Let’s say you decide you want to become a handler on your college team. You know you need to be a better thrower to achieve this goal. Fortunately, you’ve learned that goals are supposed to be “SMART” (Specific, Measurable, Acheivable, Relevent, and Time-based). You’ve also learned that large goals are supposed to be broken down into smaller ones. So you set a measurable process goal of throwing for an hour a day five days a week. Following the advice of 10 minute toughness, you promise yourself a reward for following through on your practice plans. How about a new pair of cleats a few weeks before sectionals? Sounds great! Your ultimate career is off to a wonderful start.
A few weeks go by and suddenly you realize that throwing is no fun! You actually feel a little stressed out about it but you continue to do it because you know you’ll feel guilty if you don’t. Throwing practice, which was once enjoyable, is now a chore. You used to voluntarily throw for hours at a time! Now you struggle to make room in your schedule and eagerly quit when the time is up.
If you’ve experienced similar feelings in the pursuit of any of your dreams, it may be because you are using outdated motivational tools! In effect, you are acting as your own industrial age manager trying convince, cajole, and reward yourself into the correct behavior. But you are not an overworked and underpaid factory (or cubicle) worker slaving away for some nitwit of a boss! You are a creative human being with complex desires.
I have no doubt that Gwen Ambler knows what she’s talking about when she says SMART goal setting works for her. However, some common motivational techniques such as goal setting and rewarding desired behaviors can have paradoxical effects on motivation if implemented incorrectly.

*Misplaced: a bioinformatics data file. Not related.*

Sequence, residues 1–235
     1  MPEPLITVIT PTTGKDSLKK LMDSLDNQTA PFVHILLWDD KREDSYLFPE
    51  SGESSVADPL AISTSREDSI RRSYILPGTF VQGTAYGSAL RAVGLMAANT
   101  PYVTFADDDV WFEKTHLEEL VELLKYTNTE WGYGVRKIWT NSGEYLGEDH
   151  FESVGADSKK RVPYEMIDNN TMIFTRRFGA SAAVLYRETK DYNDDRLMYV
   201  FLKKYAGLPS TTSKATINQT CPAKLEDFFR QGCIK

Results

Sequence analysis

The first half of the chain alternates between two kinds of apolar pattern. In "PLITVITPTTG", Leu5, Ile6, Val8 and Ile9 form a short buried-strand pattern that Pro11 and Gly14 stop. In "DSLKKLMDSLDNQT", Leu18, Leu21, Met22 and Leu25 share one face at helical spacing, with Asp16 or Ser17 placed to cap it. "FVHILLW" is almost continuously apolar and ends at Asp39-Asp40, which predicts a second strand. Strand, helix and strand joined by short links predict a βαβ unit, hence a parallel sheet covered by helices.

In the field of behavioral psychology there are few things more agreed upon than the fact that goal setting improves performance in a wide variety of tasks. But in “Goals Gone Wild” Ordenez and coworkers are of the opinion that, “Proponents of goal setting have long championed the simplicity of its implementation and the efficiency of its effects. In practice, however, setting goals is a challenging process, especially in novel settings.”
Much of our current understanding of goal setting technique was born out of research done in the 1930’s and 1940’s in industrial settings. Many commonly cited studies were done with loggers and typists. The field of management science became popular in an era in which managers sought techniques to increase the productivity of a workforce that was primarily engaged in menial tasks. Though the exact origin of the SMART goal concept remains unknown, it is an idea that is related to, though not thoroughly supported by, this early research.
Consequently, SMART goals work especially well for tasks and situations that closely resemble those of an industrial age worker. Are tasks simple, repetitive, and perhaps boring? Setting measurable, challenging goals is the surest way to enhance productivity and maybe also add interest to an otherwise menial job.